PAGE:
The soil of layer 501.1 showed no evidence of ash, chalk or mud brick but some big sherds were placed in horizontal position and a stone with two groves crossing each other was found associated with another big stone suggesting an employ for the former as sharpening tool.
Furthermore, about 5 cm of an ashy grey layer was discovered between stratum 501.1 and the lower stratum 501.2, where loose soil and spots with silica concentration were observed.
Presumably, ancient small productions did not leave so many wastes as the modern workshops currently do, since the number of consumers was narrow, easily of household dimension, and the supply of raw materials was all but systematic. Particularly for stratum V where a dense layer of burnt mudbrick debris and ash through all the Upper Tell suggests a destruction layer, likely performed by Assyrian, the supply of raw materials could have been intermittent if not hardly feasible. In line with that, it is possible that workshops had short life and, within a same cultural horizon, working areas or parts of them could be frequently reused for different productions.
The interpretation of such dense—burnt debris and ash—layer between strata V and IV as a destruction level is emphasized by the SEM and XRF analysis of the samples from bag AA 950.5. XRF analysis of the three small grey concretions reports silica (SiO), lime (CaO), soda (NaO), magnesia (MgO) and iron oxide (FeO) as main components but SEM analysis of one sample of them shown different materials, such as plaster, minerals and limestone, joined together by a contemporary submission to intense heat. The destruction layer is dated to the Mid-Late 8th century BC (Table 2).
About fifteen kilometres south east of Tell es-Sa’idiyeh, extensive remains of iron smelting and smithing were discovered at the site of Tell Hammeh (azZarqa), on the south side of the Wadi Deir ‘Alla, dating back to approximately 1000-750 BC (van der Steen, 1997, 2001, 2003; Veldhuijzen, 1998, 2000; Veldhuijzen and van der Steen, 1999, 2000). There, an impressive iron production was documented with finding of some 350 tuyère fragments, charcoal, remains of furnace and 400 to 500 kg of slag from only 9% of the estimated area involved in metallurgy (van der Steen, 2003: p. 102). The slags from Tell Hammeh appear to be manly of smelting and primary smithing types with peculiar elemental compositions (ibid: 103). Since the Hammeh slags and the samples from Tell esSa’idiyeh appear to belong to different steps of the iron production, comparison between both the finds could be approached only after the completion of analysis of the Hammeh slag assemblage in order to identify secondary smithing slags in there. Notwithstanding, evidence of regular smelting and primary smithing activities in the Jordan Valley dating from no later than 750 BC may contribute to a better understanding of early iron technology regional dynamics also regarding more limited remains such as the Sa’idiyeh finds.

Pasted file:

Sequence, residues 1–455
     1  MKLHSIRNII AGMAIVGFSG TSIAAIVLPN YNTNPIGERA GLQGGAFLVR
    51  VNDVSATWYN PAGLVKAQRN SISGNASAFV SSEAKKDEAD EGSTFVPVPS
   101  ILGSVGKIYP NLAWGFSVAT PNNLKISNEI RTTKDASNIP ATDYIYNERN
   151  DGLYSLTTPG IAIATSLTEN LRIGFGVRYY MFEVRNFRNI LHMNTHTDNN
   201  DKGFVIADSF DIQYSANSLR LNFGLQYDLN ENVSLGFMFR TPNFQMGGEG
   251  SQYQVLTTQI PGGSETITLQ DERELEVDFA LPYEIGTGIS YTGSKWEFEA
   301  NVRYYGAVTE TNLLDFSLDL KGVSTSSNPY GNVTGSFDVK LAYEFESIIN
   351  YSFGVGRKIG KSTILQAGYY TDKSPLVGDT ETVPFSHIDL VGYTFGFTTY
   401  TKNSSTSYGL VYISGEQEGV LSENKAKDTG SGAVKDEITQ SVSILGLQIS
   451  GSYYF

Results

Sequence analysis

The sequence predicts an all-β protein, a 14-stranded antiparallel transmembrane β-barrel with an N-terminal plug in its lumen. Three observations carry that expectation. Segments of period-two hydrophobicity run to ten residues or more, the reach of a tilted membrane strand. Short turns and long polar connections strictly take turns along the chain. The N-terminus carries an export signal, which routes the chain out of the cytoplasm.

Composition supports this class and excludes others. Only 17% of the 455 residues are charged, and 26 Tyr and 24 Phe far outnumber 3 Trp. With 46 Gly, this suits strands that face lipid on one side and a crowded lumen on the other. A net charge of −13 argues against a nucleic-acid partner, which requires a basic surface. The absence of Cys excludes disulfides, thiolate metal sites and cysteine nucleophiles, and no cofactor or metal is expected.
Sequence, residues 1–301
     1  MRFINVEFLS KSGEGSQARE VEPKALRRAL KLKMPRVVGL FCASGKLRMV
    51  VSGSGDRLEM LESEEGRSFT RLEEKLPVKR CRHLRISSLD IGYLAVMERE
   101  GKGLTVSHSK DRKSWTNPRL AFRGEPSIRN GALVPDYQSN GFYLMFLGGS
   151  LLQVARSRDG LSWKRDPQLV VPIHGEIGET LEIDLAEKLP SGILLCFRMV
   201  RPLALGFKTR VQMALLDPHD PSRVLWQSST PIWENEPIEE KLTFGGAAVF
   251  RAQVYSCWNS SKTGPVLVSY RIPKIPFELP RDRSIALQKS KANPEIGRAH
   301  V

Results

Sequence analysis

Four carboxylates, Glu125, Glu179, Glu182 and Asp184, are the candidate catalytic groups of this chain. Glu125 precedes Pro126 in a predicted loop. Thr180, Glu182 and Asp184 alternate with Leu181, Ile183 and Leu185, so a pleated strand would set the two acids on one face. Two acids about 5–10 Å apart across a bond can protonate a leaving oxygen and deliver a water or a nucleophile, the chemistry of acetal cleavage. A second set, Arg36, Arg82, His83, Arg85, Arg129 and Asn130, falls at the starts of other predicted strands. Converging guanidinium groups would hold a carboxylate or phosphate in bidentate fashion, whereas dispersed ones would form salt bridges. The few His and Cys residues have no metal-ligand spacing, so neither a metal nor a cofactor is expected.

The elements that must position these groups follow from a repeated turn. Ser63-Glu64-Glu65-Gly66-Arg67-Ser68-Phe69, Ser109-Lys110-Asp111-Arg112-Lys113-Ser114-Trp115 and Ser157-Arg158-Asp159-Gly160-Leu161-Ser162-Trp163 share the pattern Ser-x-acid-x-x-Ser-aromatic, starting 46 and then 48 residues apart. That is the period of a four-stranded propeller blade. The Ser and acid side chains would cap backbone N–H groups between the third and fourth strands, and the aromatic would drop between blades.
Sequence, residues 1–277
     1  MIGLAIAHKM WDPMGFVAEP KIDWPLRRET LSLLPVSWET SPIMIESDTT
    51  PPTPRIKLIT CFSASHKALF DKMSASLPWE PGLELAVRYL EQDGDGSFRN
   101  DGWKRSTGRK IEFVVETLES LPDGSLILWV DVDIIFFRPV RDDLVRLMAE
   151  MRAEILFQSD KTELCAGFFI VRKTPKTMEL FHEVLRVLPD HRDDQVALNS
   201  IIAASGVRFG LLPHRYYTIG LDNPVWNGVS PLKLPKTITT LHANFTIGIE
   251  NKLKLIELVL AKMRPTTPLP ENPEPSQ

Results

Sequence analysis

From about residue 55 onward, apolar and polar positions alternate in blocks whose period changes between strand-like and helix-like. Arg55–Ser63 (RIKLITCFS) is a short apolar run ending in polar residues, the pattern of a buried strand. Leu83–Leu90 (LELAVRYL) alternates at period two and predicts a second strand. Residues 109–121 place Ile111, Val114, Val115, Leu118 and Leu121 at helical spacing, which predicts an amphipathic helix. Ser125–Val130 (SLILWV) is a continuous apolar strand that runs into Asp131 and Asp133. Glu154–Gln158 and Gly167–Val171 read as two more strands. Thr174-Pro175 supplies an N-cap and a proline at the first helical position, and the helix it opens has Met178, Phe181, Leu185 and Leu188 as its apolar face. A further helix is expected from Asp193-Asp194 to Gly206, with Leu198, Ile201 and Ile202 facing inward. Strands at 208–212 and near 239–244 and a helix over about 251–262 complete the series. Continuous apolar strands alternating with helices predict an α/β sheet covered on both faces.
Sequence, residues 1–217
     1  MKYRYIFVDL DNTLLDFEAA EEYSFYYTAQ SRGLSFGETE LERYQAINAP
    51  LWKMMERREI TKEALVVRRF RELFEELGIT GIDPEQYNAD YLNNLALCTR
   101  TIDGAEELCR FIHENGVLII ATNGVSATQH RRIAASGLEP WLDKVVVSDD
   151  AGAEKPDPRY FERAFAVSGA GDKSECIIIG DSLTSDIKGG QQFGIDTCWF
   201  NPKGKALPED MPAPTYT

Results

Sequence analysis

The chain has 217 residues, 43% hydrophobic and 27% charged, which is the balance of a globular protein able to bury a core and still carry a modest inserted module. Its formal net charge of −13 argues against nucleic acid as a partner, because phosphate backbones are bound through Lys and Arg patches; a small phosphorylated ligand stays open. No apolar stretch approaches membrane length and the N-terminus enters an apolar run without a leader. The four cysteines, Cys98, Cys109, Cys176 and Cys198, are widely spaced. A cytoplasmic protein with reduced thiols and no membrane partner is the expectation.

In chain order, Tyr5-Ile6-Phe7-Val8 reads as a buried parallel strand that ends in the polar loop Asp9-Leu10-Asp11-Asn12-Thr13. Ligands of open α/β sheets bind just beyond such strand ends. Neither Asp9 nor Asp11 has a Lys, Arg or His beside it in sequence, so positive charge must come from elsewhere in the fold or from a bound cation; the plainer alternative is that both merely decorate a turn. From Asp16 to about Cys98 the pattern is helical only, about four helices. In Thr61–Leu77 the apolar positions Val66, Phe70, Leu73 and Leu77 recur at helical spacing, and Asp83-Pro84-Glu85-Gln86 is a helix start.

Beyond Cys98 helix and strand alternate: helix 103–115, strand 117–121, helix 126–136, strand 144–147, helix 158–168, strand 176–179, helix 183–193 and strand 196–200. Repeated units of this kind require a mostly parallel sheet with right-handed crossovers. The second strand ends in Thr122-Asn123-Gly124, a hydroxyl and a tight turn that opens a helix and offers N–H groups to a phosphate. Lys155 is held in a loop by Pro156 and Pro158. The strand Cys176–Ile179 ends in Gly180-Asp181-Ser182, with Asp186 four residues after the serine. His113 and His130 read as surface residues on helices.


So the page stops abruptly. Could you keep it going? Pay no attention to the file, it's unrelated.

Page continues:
Through all the areas where it was distinguished, stratum IV was found to be associated with roughly circular pits or bins, dug into the destruction layer of stratum V (Pritchard, 1985: pp. 39-42; Tubb, 1990: p. 223; Tubb & Dorrell, 1991: p. 74). Most of the pits held a fibrous fill containing crystallized plant remains, likely chaffy elements from crop processing, and, according to Tubb (1990: p. 22), so filled they might be served as storage containers for animal fodder. Nevertheless, mixed fills were also observed containing white chaffy material, animal bones, flint and, in the case of the pit AA 708.1, some lumps of slag showing similar structures and compositions. Pit 708.1, taking the form of an oval trench, was cut vertically into yellow bricks strata and provided of a level of rocks and pebbles above the bottom. A scarab of faience or glass was found in association with the slag (Tubb, 1988a). No associated structures related to the bins were reported by Pritchard or by the Tubb’s expedition till the last dig season, when an unfinished sounding by Pritchard, beneath the courtyard of the stratum III Persian building, was further investigated. Below a number of distinctive surfaces, stratum IV was achieved. At this level, a mudbrick installation, only a corner of which was found, shown brick sizes and weathering evidence very close to what concern the rectangular brick-lined storage bins dug by Pritchard within the pit area to the west (Pritchard, 1985: p. 401,Figure 180) . In the opinion of Tubb (pers. comm.), such remains appear to be associated with the control of the bin storage.